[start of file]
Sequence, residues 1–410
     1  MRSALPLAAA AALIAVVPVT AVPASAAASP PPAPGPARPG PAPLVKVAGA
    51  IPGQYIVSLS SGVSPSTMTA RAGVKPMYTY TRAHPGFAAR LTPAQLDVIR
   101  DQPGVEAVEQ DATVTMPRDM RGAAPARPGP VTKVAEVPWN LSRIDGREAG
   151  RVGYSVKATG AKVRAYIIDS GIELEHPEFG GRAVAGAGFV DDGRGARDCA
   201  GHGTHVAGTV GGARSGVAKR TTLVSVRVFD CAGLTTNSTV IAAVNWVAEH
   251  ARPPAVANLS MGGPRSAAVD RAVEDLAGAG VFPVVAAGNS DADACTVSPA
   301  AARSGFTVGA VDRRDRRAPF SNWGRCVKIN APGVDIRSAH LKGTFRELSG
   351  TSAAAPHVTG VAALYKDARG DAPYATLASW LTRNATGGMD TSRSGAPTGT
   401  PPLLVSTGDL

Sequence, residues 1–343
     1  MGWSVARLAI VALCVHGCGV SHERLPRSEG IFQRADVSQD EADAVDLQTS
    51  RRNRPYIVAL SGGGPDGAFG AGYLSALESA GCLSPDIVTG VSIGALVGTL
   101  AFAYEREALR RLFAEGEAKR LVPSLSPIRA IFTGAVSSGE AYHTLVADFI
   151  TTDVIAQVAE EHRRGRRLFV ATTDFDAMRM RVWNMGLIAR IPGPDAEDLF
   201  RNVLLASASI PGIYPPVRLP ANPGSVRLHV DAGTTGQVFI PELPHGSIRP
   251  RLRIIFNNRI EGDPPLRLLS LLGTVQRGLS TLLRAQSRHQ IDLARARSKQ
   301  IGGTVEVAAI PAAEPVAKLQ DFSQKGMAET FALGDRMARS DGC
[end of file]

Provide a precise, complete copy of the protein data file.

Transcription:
Sequence, residues 1–410
     1  MRSALPLAAA AALIAVVPVT AVPASAAASP PPAPGPARPG PAPLVKVAGA
    51  IPGQYIVSLS SGVSPSTMTA RAGVKPMYTY TRAHPGFAAR LTPAQLDVIR
   101  DQPGVEAVEQ DATVTMPRDM RGAAPARPGP VTKVAEVPWN LSRIDGREAG
   151  RVGYSVKATG AKVRAYIIDS GIELEHPEFG GRAVAGAGFV DDGRGARDCA
   201  GHGTHVAGTV GGARSGVAKR TTLVSVRVFD CAGLTTNSTV IAAVNWVAEH
   251  ARPPAVANLS MGGPRSAAVD RAVEDLAGAG VFPVVAAGNS DADACTVSPA
   301  AARSGFTVGA VDRRDRRAPF SNWGRCVKIN APGVDIRSAH LKGTFRELSG
   351  TSAAAPHVTG VAALYKDARG DAPYATLASW LTRNATGGMD TSRSGAPTGT
   401  PPLLVSTGDL

Sequence, residues 1–343
     1  MGWSVARLAI VALCVHGCGV SHERLPRSEG IFQRADVSQD EADAVDLQTS
    51  RRNRPYIVAL SGGGPDGAFG AGYLSALESA GCLSPDIVTG VSIGALVGTL
   101  AFAYEREALR RLFAEGEAKR LVPSLSPIRA IFTGAVSSGE AYHTLVADFI
   151  TTDVIAQVAE EHRRGRRLFV ATTDFDAMRM RVWNMGLIAR IPGPDAEDLF
   201  RNVLLASASI PGIYPPVRLP ANPGSVRLHV DAGTTGQVFI PELPHGSIRP
   251  RLRIIFNNRI EGDPPLRLLS LLGTVQRGLS TLLRAQSRHQ IDLARARSKQ
   301  IGGTVEVAAI PAAEPVAKLQ DFSQKGMAET FALGDRMARS DGC